The defendant, Richard Robbins, appeals his conviction for criminal threatening. He argues that the trial court erred by: (1) conducting jury selection in his absence; (2) denying his motions to dismiss based upon the State's failure to present sufficient evidence on the element of "purposely"; and (3) denying his requests for a jury instruction on justification. We remand this case to the trial court for an evidentiary hearing, but otherwise retain jurisdiction.
We briefly summarize the relevant facts. The defendant first appeared for jury selection in his case on August 2, 2011. As the court was impanelling a jury for a case that preceded the defendant's case on the jury draw list, the prosecutor and counsel for the defendant asked to approach the bench. Before the court could hear the reason for their approach, the defendant began to address the court. When the defendant continued to attempt to address the court in front of the jury venire, the trial court ordered that he be removed and announced that his case would not be drawn from the venire panel present at that time.
On August 11, 2011, the court held a status of counsel hearing at the request of counsel. At that time, the court held a lengthy colloquy with the defendant, which included the following:
THE COURT: . . . If you follow the rules, you stay here. You have a constitutional right to participate and a constitutional right to confrontation and other constitutional issues. You do not have the constitutional right to disrupt the process. If you disrupt the process, I'll see that you're removed.
THE DEFENDANT: I'm a little curious. Do I have a constitutional right to a defense?
THE COURT: You have a constitutional right to present all proofs favorable to you. That is your guaranteed constitutional right, whatever those might be. You do not have a right to disrupt the proceedings.
Jury selection for the defendant's case was rescheduled for September 7, 2011. On that date, outside the presence of the prospective jury, the trial court advised counsel that the defendant "is refusing to come up to the courtroom for jury selection." After summarizing his August 11 colloquy with the defendant, the trial court concluded: "So that brings a summary of why we're here this morning. Mr. Robbins is currently downstairs in lockup and has indicated to his counsel and to the bailiffs that he refuses to participate in this process this morning." Defense counsel then responded:
Thank you, Your Honor. Well, just -- I'm not sure -- I want to get the parameters right. I'm not sure he was refusing to -- come up. We just -- we couldn't even like talk to him. He was talking at us. So the communication was difficult. Based on other interactions with him, I feel pretty confident that he would want to be present for jury selection. He -- I did give him one of our jury surety forms, which is basically a summary, a collection of information from the questionnaires that the jurors fill out. When he received that he was going to look at that. So my sense is that he does want to be present. So we would -- the Defense would be objecting to proceeding without him. And, you know, I understand that objection [is] most likely going to be overruled. But if it's going to be overruled, then we would ask to make the accommodations as far as having Mr. Robbins in the courtroom one and listening in so he can hear, you know, what's going on at the bench, you know, as far as there might be -- if I'm moving to strike someone for cause or, you know, helping make just other decisions. I guess I understand that's not working.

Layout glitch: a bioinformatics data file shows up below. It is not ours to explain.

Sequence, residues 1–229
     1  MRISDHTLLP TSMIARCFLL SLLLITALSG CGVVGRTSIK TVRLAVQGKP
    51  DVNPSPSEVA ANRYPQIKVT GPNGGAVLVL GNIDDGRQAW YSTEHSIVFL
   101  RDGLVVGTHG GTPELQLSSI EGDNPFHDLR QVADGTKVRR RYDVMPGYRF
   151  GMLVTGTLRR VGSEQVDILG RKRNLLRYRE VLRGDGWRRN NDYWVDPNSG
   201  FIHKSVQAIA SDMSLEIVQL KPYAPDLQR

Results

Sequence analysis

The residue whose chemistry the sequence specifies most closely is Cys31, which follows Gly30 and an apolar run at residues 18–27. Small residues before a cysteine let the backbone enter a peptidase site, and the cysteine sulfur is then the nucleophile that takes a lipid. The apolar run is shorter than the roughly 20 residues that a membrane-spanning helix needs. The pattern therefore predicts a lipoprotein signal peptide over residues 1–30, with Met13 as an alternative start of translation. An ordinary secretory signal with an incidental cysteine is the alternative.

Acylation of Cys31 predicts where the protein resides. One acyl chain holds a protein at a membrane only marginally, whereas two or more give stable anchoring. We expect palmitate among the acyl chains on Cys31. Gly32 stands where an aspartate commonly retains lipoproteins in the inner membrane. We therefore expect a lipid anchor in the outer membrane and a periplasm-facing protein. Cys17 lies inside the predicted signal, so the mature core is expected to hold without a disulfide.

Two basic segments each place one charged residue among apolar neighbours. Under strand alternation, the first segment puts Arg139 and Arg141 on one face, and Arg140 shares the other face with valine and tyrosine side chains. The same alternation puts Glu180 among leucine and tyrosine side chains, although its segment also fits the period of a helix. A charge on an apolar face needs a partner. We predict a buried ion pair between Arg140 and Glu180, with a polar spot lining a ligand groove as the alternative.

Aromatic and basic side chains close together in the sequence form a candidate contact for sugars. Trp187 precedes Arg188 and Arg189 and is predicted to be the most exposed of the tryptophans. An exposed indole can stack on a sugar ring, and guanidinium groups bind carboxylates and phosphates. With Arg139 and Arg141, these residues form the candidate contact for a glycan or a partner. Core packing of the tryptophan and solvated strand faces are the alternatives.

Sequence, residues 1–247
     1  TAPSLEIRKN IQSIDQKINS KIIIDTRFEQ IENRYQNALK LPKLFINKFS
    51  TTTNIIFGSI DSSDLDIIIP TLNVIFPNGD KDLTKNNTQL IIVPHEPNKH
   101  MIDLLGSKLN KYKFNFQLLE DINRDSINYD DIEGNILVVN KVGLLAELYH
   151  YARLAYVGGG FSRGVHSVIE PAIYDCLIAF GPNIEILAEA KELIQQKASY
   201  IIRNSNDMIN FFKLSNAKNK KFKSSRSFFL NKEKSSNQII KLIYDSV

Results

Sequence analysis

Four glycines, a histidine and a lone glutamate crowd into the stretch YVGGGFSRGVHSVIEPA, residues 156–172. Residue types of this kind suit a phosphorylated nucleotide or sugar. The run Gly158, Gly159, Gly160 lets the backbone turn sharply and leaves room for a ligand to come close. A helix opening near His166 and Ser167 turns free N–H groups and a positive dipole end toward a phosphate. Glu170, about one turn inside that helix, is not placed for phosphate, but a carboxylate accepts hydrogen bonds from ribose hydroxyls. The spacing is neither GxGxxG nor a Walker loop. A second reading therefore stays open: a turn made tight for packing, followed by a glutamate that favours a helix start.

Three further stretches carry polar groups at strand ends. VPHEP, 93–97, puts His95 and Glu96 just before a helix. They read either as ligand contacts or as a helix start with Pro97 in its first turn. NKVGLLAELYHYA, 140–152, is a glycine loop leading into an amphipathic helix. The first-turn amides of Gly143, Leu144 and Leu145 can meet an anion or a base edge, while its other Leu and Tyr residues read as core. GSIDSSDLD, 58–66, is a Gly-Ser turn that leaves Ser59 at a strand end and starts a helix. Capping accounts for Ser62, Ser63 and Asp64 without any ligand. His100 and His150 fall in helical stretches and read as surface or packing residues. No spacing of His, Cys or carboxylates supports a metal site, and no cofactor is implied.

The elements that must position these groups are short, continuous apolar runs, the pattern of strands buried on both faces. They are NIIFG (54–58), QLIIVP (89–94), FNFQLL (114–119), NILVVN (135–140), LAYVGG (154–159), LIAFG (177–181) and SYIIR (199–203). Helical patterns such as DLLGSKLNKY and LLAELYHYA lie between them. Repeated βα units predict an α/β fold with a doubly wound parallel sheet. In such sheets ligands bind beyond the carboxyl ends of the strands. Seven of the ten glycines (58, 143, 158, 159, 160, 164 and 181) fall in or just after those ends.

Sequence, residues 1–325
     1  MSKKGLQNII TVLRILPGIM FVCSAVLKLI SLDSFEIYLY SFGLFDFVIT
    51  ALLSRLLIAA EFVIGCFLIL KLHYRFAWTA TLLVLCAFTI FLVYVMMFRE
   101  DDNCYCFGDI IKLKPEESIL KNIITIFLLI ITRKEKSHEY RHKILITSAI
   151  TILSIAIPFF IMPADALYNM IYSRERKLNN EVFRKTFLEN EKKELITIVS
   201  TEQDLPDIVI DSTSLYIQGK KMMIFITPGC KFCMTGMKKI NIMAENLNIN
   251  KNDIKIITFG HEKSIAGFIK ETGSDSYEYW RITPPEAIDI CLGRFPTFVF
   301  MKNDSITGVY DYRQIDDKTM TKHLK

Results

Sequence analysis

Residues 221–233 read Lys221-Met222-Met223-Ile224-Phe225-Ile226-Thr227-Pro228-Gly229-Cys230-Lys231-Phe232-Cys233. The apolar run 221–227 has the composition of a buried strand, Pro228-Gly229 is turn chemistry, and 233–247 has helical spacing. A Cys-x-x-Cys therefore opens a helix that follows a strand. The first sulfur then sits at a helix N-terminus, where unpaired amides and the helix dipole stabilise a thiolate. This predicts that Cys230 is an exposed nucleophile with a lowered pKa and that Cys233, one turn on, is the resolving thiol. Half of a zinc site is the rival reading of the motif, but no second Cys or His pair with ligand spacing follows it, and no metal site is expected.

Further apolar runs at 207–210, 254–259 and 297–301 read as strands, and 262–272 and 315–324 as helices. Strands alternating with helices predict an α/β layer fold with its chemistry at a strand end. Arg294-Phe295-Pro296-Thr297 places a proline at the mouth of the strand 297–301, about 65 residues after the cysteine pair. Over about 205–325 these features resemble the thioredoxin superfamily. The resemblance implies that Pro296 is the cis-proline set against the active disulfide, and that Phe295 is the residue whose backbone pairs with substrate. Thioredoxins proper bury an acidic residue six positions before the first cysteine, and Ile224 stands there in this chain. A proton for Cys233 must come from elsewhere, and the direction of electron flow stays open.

Both parties agree that whether the defendant voluntarily waived his right to be present at the proceedings in this case presents a question of fact for the trial court to be established by the State by a preponderance of the evidence. See State v. Lister, 119 N.H. 713, 717 (1979). As set forth above, in this case the trial judge reported to counsel that the defendant had "indicated to his counsel and to the bailiffs" that he was refusing to participate. As the defendant correctly notes in his brief, there is nothing further on the record to identify the source of, or to provide details of, the assertion that the defendant communicated to the bailiffs a refusal to attend jury selection. Defense counsel informed the trial court that he was not sure that the defendant was refusing to attend, and indicated his belief that the defendant did want to be present.
The threshold issue in this case is whether the defendant voluntarily waived his right to be present. Given the circumstances of this case, we remand to the trial court for the purpose of holding an evidentiary hearing and making specific findings of fact and rulings of law regarding whether the defendant voluntarily waived his right to be present at jury selection. Within fifteen days after the issuance of said findings and rulings (or within fifteen days after the trial court rules upon any motion to reconsider such findings and rulings, should a timely motion to reconsider be filed), each party shall inform this court whether a transcript of the evidentiary hearing is necessary and/or whether the party wishes to file a supplemental brief or memorandum of law.
Jurisdiction of this case shall otherwise remain in this court.
Remanded in part; jurisdiction ...